As the U.S. military begins experimenting with small satellites designed to be responsive to the emerging needs of commanders on the battlefield, it will need new ground capabilities to take full advantage of the spacecraft.

Troops who use these satellites will need ground systems that more closely resemble unmanned aerial vehicle consoles than traditional satellite ground stations , according to Mike Hurley, program manager for operationally responsive space at the Naval Research Laboratory in Washington.

To that end, the Pentagon and NASA have been developing the Virtual Mission Operations Center (VMOC), which will be used when the military begins experimenting with the TacSat series of spacecraft later this year, Hurley said in a Jan. 16 interview. The work originated at NASA as part of an effort to improve spacecraft integration testing, he said.

The TacSat satellites are intended to pave the way for a new generation of satellites that can be launched on short notice to meet the emerging needs of military commanders, who also would determine the satellites’ collection priorities. Intelligence satellites today are launched on schedules that generally are not responsive to emerging tactical requirements, and are tasked by officials far removed from the battlefield.

As envisioned, the VMOC — a secure online portal — would make data from a variety of small satellites accessible to troops in the field, enabling them to collaborate more closely , according to U.S. Navy Cmdr. Greg Glaros, a transformation strategist in the Pentagon’s Office of Force Transformation, which is based in Arlington, Va. The VMOC also would ingest and display data from sensors based at sea, on the ground and in the air, he said.

Troops will need only a basic computer to access the portal, which means the data will be directly and readily available inside the High Mobility Multipurpose Wheeled Vehicles known as Humvees , aboard small ships and even individuals with handheld terminals, Glaros said in a Jan. 17 interview. . The VMOC is being developed primarily with mobile forces in mind, though it would still be useful to officials in fixed command centers who already receive a significant amount of satellite data, Hurley said.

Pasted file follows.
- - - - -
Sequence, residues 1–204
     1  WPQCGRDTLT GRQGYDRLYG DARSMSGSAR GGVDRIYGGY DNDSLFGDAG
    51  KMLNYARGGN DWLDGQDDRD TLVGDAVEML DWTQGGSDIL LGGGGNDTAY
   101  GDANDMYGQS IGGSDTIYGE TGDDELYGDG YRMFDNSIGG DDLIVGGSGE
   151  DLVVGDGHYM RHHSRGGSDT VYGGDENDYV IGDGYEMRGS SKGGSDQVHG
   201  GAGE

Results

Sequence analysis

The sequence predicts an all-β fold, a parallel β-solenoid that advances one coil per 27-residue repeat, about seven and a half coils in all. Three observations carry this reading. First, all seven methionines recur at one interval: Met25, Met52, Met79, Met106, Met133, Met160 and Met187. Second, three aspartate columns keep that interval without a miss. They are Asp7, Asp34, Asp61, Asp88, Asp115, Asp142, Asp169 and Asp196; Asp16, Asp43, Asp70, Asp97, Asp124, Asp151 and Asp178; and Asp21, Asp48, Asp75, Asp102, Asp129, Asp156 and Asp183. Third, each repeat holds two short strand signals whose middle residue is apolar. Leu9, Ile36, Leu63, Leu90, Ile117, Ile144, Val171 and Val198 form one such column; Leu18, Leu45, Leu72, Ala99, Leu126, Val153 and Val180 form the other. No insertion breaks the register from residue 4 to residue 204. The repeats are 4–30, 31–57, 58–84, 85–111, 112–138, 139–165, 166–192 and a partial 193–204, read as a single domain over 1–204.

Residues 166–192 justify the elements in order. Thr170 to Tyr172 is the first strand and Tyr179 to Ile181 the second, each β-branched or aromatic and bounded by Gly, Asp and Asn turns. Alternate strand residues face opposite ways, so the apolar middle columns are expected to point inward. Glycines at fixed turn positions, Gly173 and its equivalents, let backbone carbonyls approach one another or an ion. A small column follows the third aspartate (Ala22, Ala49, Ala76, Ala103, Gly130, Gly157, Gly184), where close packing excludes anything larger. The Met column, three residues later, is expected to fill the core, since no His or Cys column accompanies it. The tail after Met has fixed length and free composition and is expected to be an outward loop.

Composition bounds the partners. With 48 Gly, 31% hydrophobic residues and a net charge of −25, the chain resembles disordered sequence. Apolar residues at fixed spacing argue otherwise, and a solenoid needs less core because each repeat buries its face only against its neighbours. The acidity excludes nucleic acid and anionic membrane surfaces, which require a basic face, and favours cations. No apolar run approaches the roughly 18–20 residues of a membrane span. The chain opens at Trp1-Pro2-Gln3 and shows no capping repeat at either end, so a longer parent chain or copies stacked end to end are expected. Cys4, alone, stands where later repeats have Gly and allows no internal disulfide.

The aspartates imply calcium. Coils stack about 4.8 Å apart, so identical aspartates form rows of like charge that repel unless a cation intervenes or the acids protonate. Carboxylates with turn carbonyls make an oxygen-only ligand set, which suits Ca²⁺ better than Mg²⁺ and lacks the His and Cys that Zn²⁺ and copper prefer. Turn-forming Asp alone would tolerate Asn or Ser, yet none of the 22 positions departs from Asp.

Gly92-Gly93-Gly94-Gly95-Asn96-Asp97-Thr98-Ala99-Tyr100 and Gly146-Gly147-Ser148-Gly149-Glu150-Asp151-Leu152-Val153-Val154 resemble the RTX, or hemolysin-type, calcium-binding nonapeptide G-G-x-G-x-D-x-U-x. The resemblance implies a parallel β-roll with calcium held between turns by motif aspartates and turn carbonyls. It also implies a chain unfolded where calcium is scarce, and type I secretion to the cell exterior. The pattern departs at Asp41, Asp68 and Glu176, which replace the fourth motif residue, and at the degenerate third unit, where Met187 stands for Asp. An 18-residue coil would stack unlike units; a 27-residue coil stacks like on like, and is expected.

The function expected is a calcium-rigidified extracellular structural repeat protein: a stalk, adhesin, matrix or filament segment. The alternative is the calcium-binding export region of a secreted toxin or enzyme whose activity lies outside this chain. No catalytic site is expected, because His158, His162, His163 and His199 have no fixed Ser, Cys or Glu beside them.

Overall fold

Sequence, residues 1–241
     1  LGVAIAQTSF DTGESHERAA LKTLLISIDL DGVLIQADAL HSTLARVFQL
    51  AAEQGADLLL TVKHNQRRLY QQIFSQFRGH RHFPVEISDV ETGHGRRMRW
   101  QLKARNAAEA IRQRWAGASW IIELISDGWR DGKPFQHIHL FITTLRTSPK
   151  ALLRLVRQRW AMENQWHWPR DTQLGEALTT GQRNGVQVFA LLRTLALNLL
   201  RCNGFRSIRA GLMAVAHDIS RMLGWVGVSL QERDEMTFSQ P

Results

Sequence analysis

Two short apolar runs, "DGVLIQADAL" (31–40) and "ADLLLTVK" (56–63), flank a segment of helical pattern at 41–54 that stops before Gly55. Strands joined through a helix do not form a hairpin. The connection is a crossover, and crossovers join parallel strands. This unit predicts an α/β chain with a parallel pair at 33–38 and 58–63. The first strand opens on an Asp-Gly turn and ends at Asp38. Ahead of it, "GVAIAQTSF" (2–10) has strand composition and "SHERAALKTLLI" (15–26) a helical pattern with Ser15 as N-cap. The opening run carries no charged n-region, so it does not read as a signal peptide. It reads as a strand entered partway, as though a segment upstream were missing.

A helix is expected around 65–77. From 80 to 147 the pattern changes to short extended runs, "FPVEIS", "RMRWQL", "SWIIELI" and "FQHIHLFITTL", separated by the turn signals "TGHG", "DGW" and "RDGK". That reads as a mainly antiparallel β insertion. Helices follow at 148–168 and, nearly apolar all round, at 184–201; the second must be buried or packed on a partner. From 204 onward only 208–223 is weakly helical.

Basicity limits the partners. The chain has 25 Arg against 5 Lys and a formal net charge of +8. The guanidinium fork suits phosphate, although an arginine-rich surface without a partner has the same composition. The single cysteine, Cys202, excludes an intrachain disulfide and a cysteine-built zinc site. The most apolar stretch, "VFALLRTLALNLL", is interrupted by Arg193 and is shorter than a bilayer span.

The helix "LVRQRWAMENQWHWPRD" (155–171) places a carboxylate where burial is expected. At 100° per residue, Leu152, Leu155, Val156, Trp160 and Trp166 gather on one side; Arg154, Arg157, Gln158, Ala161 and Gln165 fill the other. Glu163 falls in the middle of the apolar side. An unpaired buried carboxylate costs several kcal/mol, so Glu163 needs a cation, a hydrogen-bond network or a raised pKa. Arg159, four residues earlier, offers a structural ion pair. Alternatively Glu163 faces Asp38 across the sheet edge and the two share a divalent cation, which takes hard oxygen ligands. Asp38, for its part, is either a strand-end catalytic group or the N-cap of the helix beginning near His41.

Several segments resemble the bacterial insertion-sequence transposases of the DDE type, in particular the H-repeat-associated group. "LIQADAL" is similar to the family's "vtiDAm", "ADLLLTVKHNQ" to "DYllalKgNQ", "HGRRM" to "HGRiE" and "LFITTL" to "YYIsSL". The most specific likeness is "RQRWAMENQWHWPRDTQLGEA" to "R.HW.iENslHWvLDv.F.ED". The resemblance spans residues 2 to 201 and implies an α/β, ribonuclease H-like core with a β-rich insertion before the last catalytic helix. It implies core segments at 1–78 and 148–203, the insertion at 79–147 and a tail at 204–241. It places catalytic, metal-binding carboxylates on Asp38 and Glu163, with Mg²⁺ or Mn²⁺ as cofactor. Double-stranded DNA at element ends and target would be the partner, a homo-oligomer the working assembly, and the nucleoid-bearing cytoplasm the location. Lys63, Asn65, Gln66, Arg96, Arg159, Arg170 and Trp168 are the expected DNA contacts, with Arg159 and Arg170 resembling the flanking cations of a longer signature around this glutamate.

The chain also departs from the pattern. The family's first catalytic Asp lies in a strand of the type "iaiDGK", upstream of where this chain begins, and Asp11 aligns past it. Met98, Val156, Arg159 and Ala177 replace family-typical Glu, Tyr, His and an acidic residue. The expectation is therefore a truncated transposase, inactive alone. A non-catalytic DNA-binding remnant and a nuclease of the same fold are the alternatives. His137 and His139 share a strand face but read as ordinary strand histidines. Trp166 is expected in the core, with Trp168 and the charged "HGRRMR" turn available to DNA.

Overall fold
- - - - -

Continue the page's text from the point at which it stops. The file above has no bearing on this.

Once logged in to the VMOC, users will be able to task systems like the TacSat satellites, receive imagery and other data, and make notations directly on pictures or through a hypertext link to aid in battle planning, Glaros said. Even commanders who have not tasked a satellite can have access to the data, contributing to what Glaros called the “mosaic” of information .

In many cases, data from various sources that feed into the VMOC can be synthesized to provide more useful products, Glaros said. For example, a satellite image might show the locations of bridges, but soldiers on the ground could contribute information on the bridges’ conditions that might not otherwise be noted, he said.

Users can overlay relevant information on satellite images through a VMOC portal without going through the normal chain of command, Hurley said. Some screening of inputs would be required, but with this feature, the value of imagery posted on the VMOC could increase with the volume of users, he said.

The collaborative aspect of the VMOC might be its most militarily useful feature, Hurley said. While new visualization technology such as software that enables 3D modeling of battlefield operations has attracted considerable attention in Iraq, Hurley said feedback he has received indicates that troops and commanders are even more enamored with chat room-type communications capabilities.

Military chat-room participants in many cases are close enough to the action that they can contribute relevant information not found in intelligence briefings, Hurley said.

The VMOC is expected to play a major role as the military begins experimenting with TacSat-1 later this year, and hopefully other TacSat spacecraft in the years to come, Hurley said.

Among the upcoming demonstrations involving the VMOC is this year’s planned Wolf PAC/Stiletto Distributed Operations Experiment , which will feature a prototype high-speed ship designed to operate in shallow waters and be highly reconfigurable, Glaros said. Troops on the ships will use the VMOC tap into TacSat-1 and other data sources as part of that experiment, he said.

Other demonstrations featuring the VMOC could emphasize missions such as homeland security and disaster relief, Hurley said.